Moms matter: The influence of mothers on their adult children
Shannon Roberts of Salt Lake City has passed on the legacy of a "snuggly" mom because hers was "super loving and lovable to her children." When she woke Shannon up as a child, Andrea Pascoe would rub her back and stroke her head, not stand in the doorway and yell, "Get up." Near holidays, the Pascoe children would rehearse so they could sing to a widower living nearby who loved children and never had any. Their mom would bake a pie and wait in the car so the children were the givers. Because her mom lives in Marsing, Idaho, they don't see each other as often as Shannon would like. But they sometimes vacation together, like the time they took a celebratory trip to Mexico when her mom retired. "She likes to travel and doesn't get to go unless I take her," said Shannon. "I like to spoil her."
Differences are OK
Moms serve different roles to their adult children. Marie Hunt laughs at the suggestion that she'd ask her mom, Evelynne Baker, for advice. The 78-year-old, she said, "is much too conservative for me. And I'm too liberal for her." Nonetheless, it was her mom who taught her kindness and patience. "I adore her," Marie said flatly. Evelynne taught her to cook, and Marie now works for a school lunch program. Her mom also taught her to water ski and to bend when being inflexible would not do. They are in some ways more different than alike, said the daughter, who is 60. Evelynne Baker is very religious; Marie Hunt isn't. They don't agree on politics or even on what's funny. As a young child, Marie would sit on Evelynne's lap and listen to fairly tales. "She'd find them funny. She'd laugh and I would think she was weird. I was serious about them. 'Let's not laugh,'" the daughter remembered fondly. The trait she didn't get from her mom, and wishes she had, is patience. Her sister has a mental disability and her mom has never been impatient or frustrated with her, Marie said.
Gary Zane's mom, Martha Zane, wasn't really big on dispensing advice when he was young. She is masterful, though, at helping her son, now 55, find his way through whatever dilemma plagues him. "Though I was not around her all the time, I still knew I could call her and ask for help. She would not tell me what to do, but she'd say, 'Think about this. Here could be pros and cons. She always believed that I would make the right decision. And she told me to have fun in life, that life's too short," he said.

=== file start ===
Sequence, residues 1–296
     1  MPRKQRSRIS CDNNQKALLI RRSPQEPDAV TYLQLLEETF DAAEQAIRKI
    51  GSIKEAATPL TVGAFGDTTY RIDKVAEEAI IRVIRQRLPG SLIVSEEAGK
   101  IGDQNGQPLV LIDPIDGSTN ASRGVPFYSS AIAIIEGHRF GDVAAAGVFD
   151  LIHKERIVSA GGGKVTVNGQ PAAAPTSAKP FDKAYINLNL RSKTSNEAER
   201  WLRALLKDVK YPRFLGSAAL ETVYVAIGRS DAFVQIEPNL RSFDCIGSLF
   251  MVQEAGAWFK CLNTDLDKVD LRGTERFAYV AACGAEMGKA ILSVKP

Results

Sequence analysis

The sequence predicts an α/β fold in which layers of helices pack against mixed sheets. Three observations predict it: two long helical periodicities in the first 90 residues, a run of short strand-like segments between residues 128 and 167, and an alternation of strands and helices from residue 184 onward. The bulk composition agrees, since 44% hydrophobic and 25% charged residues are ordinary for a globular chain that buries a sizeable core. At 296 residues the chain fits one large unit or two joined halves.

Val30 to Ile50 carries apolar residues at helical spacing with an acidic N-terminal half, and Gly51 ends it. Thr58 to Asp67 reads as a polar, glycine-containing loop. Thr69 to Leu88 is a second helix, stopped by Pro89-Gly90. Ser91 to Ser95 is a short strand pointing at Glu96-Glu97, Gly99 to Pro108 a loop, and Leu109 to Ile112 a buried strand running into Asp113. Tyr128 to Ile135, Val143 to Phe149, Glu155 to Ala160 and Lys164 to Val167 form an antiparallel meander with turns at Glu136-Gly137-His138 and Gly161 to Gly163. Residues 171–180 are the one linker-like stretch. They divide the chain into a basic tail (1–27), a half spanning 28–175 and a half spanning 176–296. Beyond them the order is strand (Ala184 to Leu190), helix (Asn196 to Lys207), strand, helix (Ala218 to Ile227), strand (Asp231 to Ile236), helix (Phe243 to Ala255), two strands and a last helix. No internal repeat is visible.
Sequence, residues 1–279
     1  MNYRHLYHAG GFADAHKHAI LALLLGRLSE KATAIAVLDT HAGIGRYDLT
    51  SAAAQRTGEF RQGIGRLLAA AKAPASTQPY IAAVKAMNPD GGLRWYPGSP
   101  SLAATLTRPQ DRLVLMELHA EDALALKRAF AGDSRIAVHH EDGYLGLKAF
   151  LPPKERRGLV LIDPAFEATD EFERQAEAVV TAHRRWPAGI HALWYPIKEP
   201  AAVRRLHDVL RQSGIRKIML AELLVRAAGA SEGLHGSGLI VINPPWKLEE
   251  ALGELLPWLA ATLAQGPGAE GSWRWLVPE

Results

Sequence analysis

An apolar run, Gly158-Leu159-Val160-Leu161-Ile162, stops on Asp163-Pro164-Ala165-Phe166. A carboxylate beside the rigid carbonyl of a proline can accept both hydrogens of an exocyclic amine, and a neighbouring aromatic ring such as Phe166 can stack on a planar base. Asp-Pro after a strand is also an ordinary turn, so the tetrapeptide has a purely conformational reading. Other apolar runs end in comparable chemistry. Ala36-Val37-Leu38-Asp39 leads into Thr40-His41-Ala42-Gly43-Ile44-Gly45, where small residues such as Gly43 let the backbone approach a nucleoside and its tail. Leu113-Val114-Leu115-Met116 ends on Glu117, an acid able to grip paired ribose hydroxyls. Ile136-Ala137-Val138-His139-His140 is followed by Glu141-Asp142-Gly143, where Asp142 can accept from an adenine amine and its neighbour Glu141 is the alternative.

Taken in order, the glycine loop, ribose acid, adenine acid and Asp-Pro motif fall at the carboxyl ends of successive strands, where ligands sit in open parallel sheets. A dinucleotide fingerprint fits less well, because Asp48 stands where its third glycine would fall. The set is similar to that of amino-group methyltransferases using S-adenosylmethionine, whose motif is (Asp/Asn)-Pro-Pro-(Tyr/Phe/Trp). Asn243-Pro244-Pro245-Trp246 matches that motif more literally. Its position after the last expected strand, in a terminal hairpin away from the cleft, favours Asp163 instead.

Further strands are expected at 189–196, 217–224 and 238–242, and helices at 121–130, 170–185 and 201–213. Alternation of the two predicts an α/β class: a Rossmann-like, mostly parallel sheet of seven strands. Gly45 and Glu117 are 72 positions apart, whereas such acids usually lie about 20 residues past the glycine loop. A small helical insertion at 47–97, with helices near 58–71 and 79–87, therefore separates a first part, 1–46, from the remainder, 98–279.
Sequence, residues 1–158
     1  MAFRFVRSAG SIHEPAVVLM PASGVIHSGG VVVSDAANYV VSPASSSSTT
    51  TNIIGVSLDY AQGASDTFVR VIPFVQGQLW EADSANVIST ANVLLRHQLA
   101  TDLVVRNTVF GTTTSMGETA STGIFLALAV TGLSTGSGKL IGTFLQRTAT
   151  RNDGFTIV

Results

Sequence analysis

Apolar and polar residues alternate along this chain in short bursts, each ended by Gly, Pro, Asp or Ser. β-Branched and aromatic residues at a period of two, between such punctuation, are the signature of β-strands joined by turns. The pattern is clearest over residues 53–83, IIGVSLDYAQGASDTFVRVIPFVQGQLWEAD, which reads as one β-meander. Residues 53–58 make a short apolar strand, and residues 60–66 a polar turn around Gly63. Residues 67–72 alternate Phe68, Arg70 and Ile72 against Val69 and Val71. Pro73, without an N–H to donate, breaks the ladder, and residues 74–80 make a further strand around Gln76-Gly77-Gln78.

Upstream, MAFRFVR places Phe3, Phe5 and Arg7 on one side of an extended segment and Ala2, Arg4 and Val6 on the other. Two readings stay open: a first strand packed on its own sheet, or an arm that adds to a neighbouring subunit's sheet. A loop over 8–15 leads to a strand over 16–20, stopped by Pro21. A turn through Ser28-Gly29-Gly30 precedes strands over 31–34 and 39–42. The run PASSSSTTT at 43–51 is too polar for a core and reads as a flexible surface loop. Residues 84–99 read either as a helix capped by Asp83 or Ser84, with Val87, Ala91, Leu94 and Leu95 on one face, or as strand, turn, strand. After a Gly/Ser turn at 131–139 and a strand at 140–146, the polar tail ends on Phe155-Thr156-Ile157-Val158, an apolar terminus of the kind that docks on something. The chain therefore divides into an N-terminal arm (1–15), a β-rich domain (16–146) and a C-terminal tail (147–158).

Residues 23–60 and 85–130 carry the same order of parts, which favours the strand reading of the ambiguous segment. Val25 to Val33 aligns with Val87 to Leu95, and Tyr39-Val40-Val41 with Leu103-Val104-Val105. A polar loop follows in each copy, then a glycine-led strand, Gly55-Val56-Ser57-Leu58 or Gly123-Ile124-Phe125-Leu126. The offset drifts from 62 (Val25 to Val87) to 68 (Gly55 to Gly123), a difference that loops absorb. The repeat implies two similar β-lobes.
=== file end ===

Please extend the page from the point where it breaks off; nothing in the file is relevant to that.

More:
Recently, Gary moved his mom to Utah from Arizona, where his folks had retired with two other couples. She has been ill, troubled by a malady the doctors have had trouble identifying. It has taken her from an active woman of 77 who could walk five miles a day to someone who can't lift her arm over her head. When she suffered a bad fall, Gary talked her into moving closer. He is an only child.
Rebekah Nicodemus, 30, lives in Los Angeles. Her mom, Laura Stewart, is in Tacoma, Wash. "I think she's one of my best friends, and part of the reason is she's a constant in my life," said Rebekah. "I moved around, drifted, left friends behind. She's always been there for me. I don't usually call and say, 'I'm having a problem, what do I do?' But we talk once or twice a week and when we do, I tell her what's going on. Sometimes she offers advice or feedback, always gently. She was never the kind of mom that spent a lot of time telling me what to do."
With the exception of a couple of rocky years during middle school, the mother and daughter have always gotten along. When Rebekah graduated from high school, she went to college nearby, staying close "geographically and emotionally." When she married, the couple moved to Georgia for a few years and through frequent calls between mother and daughter, the relationship became more adult.
Her mom wanted Rebekah to be creative, a desire she has lived up to through her writing. Nevertheless, she laughs at this memory: At age 4 or 5, she loved color-by-number pages, happily laying down blue marks perfectly within the boundaries that were designated for blue. "Mom wasn't a fan: She thought it stifled creativity. She would rather I took blank paper and drew. That was one way we were different. She said, 'You don't have to follow the instructions, you can color what you want.' I thought, 'Why would I do that? That would be wrong.'"
Still, the mother who encouraged creativity got a creative daughter.
Forging a family
Carla Mains was 3 months old when Esther Howard and her husband adopted her, along with her twin sister Charla Fitzwater. Now Carla and her mom live a few hours apart in Oklahoma, relying on frequent and chatty phone conversations to bridge the distance. They're part of a loud and boisterous family. Get-togethers are a chance to "laugh and hoot and holler and have such a good time," said Carla, 55.
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